After viewing all the gorgeous Alma Thomas paintings for last week’s artist post I was inspired to create something beautifully colourful – and something I could share to spread the joyous nature of her art. So for this week’s project we’re making a postcard. It’s quite a quick, fun make so I highly recommend making two – one to keep and one to send to a friend!
I made my postcard 4″ x 6” but once you have the idea you could make some larger ones later if you’d like. As always – make sure you read through all the instructions before you get started.
Inspiration / design
Take some time to look at the paintings of Alma Thomas – either in last week’s blog post or do a search on the internet. Choose one to inspire your postcard. I chose Spring No 2 painted in 1968.
Draw a 4″ x 6″ rectangle on a piece of paper and design your card in this space. Look at the areas of colour created in the painting you’ve chosen. For example my inspiration has lines of colour – others may have concentric circles or triangles. Draw lines on your design and choose which colours are going to go where. Don’t try to recreate your inspiration painting – you’re working in a much smaller space – you are using it for inspiration and are aiming for the look of Thomas’ work.
What you’ll need to make your postcard:
– Scraps of fabrics in your chosen colours
– Double sided fusible webbing – i.e Bondaweb / Heat n Bond or similar
– White fabric – 5” x 7”
– Wadding – approx 6″ x 8″
– Card – or pelmet vilene if you have it
– Thread(s) for quilting and finishing the edge
Making your card
- Draw a rectangle 4″ x 6” on your white fabric leaving an equal border around it. This can just be done in light pencil but I’ve done mine darker so you can see. This will be your guide for adding your pieces.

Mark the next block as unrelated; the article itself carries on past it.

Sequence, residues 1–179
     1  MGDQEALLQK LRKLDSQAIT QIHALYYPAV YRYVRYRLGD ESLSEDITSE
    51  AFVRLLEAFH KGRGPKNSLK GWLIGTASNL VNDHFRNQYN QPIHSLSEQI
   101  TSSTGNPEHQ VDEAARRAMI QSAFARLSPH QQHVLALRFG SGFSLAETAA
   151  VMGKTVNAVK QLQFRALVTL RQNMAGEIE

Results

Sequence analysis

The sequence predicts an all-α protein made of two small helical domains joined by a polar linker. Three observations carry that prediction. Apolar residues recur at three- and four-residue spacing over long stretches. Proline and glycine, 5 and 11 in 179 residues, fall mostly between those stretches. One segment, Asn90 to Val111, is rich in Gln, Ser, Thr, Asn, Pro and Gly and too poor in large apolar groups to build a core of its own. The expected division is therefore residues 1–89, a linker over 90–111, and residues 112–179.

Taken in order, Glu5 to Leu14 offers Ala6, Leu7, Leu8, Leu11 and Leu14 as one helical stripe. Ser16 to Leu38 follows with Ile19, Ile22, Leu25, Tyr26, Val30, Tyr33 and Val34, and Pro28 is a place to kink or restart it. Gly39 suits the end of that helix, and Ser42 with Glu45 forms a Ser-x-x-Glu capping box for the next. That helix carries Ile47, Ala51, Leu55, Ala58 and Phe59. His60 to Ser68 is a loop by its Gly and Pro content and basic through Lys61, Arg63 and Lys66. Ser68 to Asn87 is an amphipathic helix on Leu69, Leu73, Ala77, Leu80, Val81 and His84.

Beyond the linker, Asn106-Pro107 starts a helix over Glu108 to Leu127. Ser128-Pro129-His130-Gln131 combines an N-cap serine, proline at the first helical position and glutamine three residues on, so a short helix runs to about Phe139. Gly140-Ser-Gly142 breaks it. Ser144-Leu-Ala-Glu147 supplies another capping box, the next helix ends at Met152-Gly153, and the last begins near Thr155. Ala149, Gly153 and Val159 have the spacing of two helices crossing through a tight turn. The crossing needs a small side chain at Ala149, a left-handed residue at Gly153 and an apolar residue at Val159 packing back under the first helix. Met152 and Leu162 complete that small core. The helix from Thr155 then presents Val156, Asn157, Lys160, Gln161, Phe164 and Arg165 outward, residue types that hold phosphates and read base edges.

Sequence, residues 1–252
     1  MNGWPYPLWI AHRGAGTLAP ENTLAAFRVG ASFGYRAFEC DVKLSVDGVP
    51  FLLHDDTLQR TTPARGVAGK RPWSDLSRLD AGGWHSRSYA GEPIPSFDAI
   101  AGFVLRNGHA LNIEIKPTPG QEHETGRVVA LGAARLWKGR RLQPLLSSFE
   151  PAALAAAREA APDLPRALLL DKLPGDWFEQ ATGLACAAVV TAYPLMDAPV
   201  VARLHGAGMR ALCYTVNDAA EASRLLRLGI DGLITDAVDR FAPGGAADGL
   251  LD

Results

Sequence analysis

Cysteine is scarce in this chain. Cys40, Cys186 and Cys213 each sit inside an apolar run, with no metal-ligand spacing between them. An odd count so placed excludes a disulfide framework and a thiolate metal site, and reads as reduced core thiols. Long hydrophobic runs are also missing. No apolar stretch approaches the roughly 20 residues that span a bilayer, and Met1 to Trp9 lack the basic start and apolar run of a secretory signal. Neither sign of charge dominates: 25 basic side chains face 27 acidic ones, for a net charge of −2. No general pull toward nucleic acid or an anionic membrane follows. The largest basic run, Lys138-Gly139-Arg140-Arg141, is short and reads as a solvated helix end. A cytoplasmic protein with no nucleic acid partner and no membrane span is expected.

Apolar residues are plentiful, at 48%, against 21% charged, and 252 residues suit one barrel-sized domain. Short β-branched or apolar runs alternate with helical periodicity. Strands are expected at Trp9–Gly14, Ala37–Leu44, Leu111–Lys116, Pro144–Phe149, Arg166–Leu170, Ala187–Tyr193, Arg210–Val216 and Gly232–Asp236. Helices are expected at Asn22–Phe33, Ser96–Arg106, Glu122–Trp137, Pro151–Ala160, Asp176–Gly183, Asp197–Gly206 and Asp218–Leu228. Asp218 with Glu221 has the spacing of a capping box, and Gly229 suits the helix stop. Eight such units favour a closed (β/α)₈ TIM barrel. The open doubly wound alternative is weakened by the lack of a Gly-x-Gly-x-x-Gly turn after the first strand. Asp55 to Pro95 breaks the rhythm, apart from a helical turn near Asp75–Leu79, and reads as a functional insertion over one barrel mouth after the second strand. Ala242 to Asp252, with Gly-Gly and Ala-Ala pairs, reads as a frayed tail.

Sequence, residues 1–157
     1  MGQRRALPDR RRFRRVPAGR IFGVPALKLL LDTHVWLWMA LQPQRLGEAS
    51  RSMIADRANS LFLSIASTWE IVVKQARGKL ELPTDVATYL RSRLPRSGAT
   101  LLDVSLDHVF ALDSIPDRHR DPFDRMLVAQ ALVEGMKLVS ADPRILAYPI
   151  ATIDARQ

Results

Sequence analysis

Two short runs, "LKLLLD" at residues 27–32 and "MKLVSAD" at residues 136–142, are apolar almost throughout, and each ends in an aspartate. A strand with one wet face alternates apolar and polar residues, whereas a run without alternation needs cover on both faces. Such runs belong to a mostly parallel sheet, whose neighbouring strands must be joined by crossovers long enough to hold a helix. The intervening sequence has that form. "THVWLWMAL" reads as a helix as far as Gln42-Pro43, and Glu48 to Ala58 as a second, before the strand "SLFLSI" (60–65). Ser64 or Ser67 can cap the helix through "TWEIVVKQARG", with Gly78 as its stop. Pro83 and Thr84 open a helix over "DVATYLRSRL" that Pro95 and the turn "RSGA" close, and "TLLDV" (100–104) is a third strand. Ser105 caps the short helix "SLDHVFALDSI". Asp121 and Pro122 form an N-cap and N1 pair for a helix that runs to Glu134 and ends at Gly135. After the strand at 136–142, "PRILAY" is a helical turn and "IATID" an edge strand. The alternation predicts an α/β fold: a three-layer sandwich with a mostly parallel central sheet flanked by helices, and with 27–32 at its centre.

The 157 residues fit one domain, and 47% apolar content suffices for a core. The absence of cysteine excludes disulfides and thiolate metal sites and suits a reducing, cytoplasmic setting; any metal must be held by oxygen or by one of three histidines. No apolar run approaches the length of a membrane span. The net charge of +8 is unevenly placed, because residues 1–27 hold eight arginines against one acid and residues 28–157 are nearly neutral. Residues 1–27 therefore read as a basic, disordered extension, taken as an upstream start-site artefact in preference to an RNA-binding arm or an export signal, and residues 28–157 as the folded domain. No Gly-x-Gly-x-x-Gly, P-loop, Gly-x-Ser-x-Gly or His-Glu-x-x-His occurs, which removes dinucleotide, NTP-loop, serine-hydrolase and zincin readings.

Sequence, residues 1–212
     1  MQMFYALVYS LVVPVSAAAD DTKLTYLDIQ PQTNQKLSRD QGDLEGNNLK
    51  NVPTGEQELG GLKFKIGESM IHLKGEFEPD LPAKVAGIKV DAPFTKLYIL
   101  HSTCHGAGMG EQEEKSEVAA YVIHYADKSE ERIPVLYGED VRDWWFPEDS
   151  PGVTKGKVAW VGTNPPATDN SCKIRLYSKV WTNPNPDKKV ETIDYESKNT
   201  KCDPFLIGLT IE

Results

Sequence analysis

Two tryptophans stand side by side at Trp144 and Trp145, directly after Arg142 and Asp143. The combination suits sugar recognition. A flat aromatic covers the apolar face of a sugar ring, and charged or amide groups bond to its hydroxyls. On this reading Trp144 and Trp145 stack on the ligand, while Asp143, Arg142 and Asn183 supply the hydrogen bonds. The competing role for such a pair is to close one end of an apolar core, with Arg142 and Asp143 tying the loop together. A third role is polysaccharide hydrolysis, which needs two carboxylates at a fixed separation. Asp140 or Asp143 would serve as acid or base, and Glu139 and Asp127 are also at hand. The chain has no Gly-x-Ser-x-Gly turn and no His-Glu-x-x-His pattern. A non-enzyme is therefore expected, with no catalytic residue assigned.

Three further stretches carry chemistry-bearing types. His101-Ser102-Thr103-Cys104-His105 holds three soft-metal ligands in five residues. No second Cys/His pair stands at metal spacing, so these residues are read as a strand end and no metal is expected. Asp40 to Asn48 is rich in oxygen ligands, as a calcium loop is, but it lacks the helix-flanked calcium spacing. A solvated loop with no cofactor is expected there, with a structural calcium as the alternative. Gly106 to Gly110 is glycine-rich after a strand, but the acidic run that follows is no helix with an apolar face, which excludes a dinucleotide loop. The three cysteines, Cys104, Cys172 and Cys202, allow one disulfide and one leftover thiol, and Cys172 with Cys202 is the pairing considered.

2. Cut a square about 3” x 3” of your fusible webbing for each fabric that you’re going to use. Make sure you know which is the glue side of the fusible webbing – it’s the none-paper side. Place glue side down on the back of your fabrics and iron in place
If your fabric scraps are a different size or shape don’t worry – just adapt your fusible webbing accordingly
3. Start with the first colour you need for your design. Cut out the lozenge shapes as seen in the paintings – my pieces are between 1/2″ and 1″. Don’t try to get them all the same – you want them to be different. Make sure you cut enough to fill the space for the first colour on design.
4. For the next stage, I work on my the ironing board so I don’t have to move my work around and risk losing the little pieces! Peel the paper off the back of your fabric shapes. Position onto the white background fabric. Use your design as a guide but don’t worry too much about being exact. Leave about 1/8” gap from the drawn line.
Once you are happy with your positioning press in place – it’s a good idea to cover your work with a pressing cloth or parchment paper before ironing as these small pieces can easily flip and get stuck to your iron. Press down firmly with your iron rather than ironing back and forward so you don’t move your pieces.